Note: This is Vincent Simone’s first post on Big Apple Buckets. Vincent is a new writer on the site and will be posting occasionally on Quinnipiac and beyond.
The Bobcats called the NEC home for the past 15 years, ever since Quinnipiac made the move to Division I athletics in 1998. The NEC provided Quinnipiac with the opportunity to develop into a legitimate Division I basketball program. From there the Bobcats were able to recruit a different class of player, appeal to coaches like Tom Moore, and provided the figurative rock on which the TD Bank Sports Center was built (the literal rock being York Hill).
But now it is time to thank the NEC for all it has given Quinnipiac and turn toward a future in the MAAC. What exactly does this change bring? What makes the MAAC so much more appealing than the NEC? Much like the NEC provided Quinnipiac the opportunity to develop a Division I program; the MAAC provides the opportunity to take that program to the next level.
While the Bobcats are now on the radar of a wider group of recruits, they will have to deal with new challenges in appealing to those potential players. No longer is the TD Bank Sports Center the premier home arena in the conference. Monmouth’s Multipurpose Activity Center was the only NEC arena that rivaled the Bank, and the Hawks make the move to the MAAC alongside the Bobcats. Siena’s Times Union Center and Fairfield’s Webster Bank Arena also both outclass the Bank. Quinnipiac will be going from having far and away one of the top two arenas in the conference to arguably being third or fourth (which admittedly is still pretty good).
The most important opportunity the MAAC presents to Quinnipiac is the chance to make a consistent impact in the postseason. Quinnipiac departed the NEC without having accomplished the ultimate goal: Getting a bid to the NCAA tournament. The NEC is strictly a one-bid league, which means the only way to make it into the NCAA tournament is to be the last team standing at the end of the postseason tournament. Despite reaching the NEC semifinals four of the last five years and hosting a championship game in 2010, the Bobcats were never able to accomplish that goal. If there is any regret in leaving the NEC, it is in never hanging a postseason championship banner in the rafters of TD Bank.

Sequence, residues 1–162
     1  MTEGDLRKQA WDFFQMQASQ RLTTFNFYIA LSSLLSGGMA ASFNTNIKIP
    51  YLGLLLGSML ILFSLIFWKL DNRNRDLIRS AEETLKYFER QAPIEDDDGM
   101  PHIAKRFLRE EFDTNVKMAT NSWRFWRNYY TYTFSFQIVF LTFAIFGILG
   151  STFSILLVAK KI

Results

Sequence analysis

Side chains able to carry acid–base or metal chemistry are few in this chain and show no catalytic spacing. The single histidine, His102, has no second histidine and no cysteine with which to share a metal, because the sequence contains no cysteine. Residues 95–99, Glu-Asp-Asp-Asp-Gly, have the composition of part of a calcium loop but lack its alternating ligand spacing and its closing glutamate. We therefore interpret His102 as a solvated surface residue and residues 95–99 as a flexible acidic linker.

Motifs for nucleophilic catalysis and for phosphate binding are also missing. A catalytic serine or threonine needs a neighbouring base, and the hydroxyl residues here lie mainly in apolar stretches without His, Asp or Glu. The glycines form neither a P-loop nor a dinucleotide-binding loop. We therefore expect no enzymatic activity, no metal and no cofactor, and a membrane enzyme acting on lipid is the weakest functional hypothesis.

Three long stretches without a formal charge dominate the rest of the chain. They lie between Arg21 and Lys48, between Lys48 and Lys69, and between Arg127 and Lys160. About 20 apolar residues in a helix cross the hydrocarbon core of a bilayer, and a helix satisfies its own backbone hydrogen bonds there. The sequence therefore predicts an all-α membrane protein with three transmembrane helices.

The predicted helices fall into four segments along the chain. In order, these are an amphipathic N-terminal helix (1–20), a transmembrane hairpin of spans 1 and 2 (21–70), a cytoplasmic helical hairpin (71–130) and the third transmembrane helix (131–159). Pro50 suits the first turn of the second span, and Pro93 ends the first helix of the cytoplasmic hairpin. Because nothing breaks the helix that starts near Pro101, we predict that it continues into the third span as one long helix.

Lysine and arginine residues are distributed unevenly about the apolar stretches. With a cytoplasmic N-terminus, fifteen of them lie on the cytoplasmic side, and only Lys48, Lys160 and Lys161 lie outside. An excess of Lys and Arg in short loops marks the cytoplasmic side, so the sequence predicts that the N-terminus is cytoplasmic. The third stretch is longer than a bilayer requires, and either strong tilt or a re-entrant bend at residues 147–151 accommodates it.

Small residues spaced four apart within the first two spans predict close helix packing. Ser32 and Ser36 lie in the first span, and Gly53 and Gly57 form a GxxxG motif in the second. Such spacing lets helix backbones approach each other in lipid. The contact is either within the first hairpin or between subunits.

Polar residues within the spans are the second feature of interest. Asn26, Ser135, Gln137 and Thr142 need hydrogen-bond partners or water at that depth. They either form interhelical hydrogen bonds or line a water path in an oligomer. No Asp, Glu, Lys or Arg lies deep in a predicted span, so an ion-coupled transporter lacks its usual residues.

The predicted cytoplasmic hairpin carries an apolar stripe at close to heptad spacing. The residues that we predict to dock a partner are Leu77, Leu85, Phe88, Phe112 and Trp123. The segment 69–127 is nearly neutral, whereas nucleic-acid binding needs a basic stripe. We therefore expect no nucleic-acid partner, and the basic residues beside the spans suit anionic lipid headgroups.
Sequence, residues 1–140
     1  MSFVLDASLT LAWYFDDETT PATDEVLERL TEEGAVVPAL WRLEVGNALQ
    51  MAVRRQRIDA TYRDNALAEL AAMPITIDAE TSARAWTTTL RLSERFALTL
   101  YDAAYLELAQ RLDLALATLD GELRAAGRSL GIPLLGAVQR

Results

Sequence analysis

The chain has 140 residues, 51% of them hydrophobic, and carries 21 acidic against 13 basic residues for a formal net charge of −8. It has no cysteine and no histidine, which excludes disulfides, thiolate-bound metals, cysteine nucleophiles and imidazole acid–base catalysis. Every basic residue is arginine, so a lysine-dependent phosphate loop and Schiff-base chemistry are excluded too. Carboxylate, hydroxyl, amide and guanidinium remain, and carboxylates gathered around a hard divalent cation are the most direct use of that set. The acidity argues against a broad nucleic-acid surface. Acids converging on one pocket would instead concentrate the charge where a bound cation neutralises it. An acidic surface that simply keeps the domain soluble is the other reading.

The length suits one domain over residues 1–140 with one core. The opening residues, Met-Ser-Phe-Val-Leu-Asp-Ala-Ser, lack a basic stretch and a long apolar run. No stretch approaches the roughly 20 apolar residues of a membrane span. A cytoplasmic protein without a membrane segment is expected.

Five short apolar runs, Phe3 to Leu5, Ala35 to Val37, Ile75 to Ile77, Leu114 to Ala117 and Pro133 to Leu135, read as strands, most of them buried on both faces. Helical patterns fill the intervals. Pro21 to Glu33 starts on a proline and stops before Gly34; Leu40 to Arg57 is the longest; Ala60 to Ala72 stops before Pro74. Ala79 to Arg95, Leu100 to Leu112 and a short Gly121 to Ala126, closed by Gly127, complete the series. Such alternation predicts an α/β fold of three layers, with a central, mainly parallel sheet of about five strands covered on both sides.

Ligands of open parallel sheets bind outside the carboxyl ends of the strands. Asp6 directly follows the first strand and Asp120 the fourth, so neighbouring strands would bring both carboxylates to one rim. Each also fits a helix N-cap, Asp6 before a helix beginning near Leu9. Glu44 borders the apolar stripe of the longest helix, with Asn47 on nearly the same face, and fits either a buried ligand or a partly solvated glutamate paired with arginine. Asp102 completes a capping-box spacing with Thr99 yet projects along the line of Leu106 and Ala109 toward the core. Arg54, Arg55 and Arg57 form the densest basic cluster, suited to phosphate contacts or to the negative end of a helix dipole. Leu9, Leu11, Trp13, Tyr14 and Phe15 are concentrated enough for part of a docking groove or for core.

The move to the MAAC changes all that. While the MAAC is also a one-bid league most years, it is at least possible to make the tournament as an at-large team. Only Manhattan in 1995 and Iona in 2012 have been able to do so, but the tantalizing possibility exists.
The conference tournament itself takes on another form in the MAAC. Rather than taking the top eight teams in the conference and playing a standard tournament with the top seed hosting each matchup, the MAAC holds a neutral-site tournament with every team in the conference invited. In 2014 this tournament will be held at the MassMutual Center in Springfield, MA before moving back to Albany for 2015-2017. The Bobcats are now geographically the closest team in the conference to Springfield, and I anticipate a sea of gold making the trek to the MassMutual Center come March.
Exciting times lie ahead for the Bobcats. The MAAC is the next step in a journey that is only just beginning. This current team is set up well to make the transition to the MAAC, with big men Ike Azotam and Ousmane Drame leading a squad that has been ranked in the top two in the country in rebounding over the last four years. I hope one day the Bobcats will achieve their goal of playing with the best of the best in the NCAA tournament. Hopefully that time comes soon and Quinnipiac can make the MAAC proud.